By: Bob Adams
Events of the last decade or so suggest that neither the Defined Benefit (DB) nor the Defined Contribution (DC) pension arrangements are totally satisfactory. This article proposes a hybrid approach that could overcome many of the current criticisms while also eliminating the estimates and assumptions that complicate pension accounting for DB plans.
DB plans have had the worst press lately as equity markets and bond yields plummeted, generating pension fund deficits. Employers faced the reality that they ‘owed’ and had to make good these deficits producing concerns about the potential drain on cash flows and future profits.
Almost simultaneously, employers learned from the Monsanto decision that the playing field was not level. Employers did not necessarily own any pension surpluses and surpluses might have to be shared with employees.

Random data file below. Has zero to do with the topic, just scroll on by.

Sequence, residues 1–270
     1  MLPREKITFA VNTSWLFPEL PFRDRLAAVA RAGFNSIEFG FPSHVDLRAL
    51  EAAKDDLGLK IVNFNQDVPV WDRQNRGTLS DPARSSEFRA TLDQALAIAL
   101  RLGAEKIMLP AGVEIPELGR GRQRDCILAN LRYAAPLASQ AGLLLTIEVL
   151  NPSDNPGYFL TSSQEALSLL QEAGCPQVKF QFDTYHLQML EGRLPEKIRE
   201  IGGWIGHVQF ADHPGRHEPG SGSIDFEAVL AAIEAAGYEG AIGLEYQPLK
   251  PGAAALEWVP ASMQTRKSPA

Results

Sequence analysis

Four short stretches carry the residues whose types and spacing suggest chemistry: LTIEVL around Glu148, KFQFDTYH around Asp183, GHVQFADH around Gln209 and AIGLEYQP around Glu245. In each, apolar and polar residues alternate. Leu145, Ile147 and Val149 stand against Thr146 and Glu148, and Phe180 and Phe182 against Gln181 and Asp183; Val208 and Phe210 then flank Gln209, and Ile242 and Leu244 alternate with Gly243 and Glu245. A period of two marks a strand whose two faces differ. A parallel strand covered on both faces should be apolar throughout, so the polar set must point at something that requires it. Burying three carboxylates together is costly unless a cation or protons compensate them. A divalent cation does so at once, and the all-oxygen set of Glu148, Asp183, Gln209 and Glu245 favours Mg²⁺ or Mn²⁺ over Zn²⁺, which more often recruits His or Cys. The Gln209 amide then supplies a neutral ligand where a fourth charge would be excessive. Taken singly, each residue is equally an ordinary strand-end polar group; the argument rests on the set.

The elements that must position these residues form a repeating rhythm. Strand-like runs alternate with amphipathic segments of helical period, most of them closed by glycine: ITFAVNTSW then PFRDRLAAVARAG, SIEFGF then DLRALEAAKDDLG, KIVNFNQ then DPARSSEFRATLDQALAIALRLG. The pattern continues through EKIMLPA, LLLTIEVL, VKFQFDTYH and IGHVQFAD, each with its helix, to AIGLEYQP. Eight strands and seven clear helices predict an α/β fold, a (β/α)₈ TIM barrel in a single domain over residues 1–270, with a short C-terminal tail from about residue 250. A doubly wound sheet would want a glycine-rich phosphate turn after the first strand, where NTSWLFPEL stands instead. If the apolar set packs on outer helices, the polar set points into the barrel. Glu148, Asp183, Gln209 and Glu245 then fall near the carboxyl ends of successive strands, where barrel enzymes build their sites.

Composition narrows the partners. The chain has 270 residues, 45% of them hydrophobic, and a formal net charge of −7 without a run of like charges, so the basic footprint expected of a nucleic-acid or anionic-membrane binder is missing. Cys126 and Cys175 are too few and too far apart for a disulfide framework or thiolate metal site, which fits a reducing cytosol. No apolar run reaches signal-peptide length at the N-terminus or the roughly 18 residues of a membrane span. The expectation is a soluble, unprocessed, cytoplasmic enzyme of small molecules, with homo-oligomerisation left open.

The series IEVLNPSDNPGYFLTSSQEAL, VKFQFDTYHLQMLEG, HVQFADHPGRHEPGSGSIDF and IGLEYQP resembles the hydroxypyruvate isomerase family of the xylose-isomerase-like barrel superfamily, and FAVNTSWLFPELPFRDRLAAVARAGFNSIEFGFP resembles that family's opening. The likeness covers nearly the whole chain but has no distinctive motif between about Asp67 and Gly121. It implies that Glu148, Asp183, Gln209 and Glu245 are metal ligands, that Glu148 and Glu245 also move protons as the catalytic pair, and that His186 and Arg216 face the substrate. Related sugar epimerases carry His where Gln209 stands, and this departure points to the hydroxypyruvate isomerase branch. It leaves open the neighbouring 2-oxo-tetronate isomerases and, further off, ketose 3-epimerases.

As bad as all this was, employers were criticized for the financial statement distortion caused by the flexibility of assumptions used in DB pension accounting.
Earlier, in the heady stock market days of the ’90s, many employees demanded a switch to DC plans thinking they could easily beat the staid conservatism of their DB fund’s management. But employees’ attitudes changed with the markets. The DC praising chorus faded away and the pendulum swung back to favouring the relative safety of DB.
In between these periods, new employers offered DC plans from the outset and some existing employers began giving employees a choice or made only DC plans available to new employees.